So we're finally opening CLEMENCY after an exciting tech week at the Artists for Humanity EpiCenter! This has been a tech week like no other, particularly because we are in a unique performance venue and additionally because we are staging in the round (that means the stage is in the center of the room and the audience is set up in a circle or in sections all around it on every side).
In a proscenium theater, the production team would set up camp in the orchestra section of the audience and use what we call a "God mic" to communicate with lightwalkers (volunteers who walk the path of the performers so we can see what the light will look like on the artists), stage management, crew, and artists onstage during rehearsals, but because we're staging in an intimate venue in the round, the director and I are constantly on the move, checking out sight-lines from every angle and running up onstage to adjust blocking here and there!
There are so many factors that we take for granted in a traditional theater that we have to account for in a site specific performance. Where will the assistant stage managers go to help get performers and their props onstage - there are no wings! Our amazing stage management team has been creeping quietly around the building to all the vantage points we are using in this unique production, up and down the stairs, in the kitchen and the hallways! Our Production Stage Manager and Light Board Operator are hidden away in a staff kitchen behind the performing space! Where will the performers get ready - there are no dressing rooms! We have created curtained off private rooms for the artists in a big loft paint studio on the third floor of the building. How will the singers see the conductor? In a proscenium theater he would be right in front of them in the orchestra pit, but we're staging in the round.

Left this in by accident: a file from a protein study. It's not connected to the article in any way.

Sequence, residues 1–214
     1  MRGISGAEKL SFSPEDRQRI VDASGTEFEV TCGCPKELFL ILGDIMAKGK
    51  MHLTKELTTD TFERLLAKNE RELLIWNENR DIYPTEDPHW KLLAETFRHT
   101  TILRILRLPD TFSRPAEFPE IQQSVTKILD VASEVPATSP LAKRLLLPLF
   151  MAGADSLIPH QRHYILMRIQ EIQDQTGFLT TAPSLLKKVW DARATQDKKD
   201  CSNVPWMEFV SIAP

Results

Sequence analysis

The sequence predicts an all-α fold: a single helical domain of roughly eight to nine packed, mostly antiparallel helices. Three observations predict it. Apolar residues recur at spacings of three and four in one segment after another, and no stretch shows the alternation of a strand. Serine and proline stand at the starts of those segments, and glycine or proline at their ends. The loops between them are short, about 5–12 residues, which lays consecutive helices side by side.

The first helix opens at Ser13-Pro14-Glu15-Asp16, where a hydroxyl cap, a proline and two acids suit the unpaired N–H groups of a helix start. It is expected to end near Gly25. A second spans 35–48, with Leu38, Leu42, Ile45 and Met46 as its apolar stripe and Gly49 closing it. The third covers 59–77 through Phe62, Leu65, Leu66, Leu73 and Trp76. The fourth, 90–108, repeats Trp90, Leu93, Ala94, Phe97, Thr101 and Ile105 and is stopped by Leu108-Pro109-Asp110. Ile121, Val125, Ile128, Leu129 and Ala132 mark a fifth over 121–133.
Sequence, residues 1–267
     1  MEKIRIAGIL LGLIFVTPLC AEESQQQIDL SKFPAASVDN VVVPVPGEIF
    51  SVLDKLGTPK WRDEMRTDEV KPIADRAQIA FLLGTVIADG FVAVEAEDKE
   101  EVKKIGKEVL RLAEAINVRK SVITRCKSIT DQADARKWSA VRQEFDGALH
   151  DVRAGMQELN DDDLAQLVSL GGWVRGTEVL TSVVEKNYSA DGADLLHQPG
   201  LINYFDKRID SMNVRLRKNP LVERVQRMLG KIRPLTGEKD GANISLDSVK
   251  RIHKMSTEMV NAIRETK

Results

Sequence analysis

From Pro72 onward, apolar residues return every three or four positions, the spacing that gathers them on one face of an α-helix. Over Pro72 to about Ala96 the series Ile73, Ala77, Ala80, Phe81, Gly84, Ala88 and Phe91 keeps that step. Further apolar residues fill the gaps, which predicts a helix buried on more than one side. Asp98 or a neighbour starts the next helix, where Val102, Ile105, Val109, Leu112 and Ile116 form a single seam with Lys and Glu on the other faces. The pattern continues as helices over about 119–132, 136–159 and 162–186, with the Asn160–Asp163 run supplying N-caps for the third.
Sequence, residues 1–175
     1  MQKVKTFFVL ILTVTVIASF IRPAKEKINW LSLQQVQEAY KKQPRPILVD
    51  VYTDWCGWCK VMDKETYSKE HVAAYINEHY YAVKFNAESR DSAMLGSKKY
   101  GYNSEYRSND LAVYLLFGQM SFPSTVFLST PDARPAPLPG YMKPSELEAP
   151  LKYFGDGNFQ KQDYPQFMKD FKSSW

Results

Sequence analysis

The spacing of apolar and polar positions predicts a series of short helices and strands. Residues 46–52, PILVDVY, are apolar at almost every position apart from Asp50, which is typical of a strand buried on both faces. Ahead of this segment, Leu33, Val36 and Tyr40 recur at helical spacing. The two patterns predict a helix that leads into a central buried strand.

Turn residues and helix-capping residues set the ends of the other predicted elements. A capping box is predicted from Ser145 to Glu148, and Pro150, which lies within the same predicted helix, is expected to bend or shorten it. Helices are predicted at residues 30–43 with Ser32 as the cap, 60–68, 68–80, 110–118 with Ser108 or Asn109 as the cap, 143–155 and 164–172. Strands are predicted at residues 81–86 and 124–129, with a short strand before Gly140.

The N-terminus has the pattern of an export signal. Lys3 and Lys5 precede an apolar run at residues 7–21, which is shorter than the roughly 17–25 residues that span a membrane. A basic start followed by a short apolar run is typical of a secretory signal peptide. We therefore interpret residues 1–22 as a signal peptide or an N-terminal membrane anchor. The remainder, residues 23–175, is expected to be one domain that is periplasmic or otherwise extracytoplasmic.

This week we have been finding just the right placement and angles for little video monitors around the center platform of our stage to give the singers maximum visibility of David Angus's movements without distracting the audience who can actually see the monitors. In a proscenium theater the lights point across, down at, or from the audience at the stage, but in the round we have to make sure the stage is lit beautifully without pointing instruments into the audience itself.
Clemency and "Hagar's Lament" only total one hour in length, so rather than gearing up all our energy for one big run, we've been running the whole production twice in each rehearsal block! Although the stage time might be the same as doing a longer opera once, the energy level and concentration buildup, and release, from doing a full run of a production are intense, so everyone is working as efficiently as possible to get the most out of each rehearsal while conserving stamina for the second run! It has been a fabulous and exhausting week, and I'm looking forward to seeing the fruits of all our labor from my seat in the audience very soon!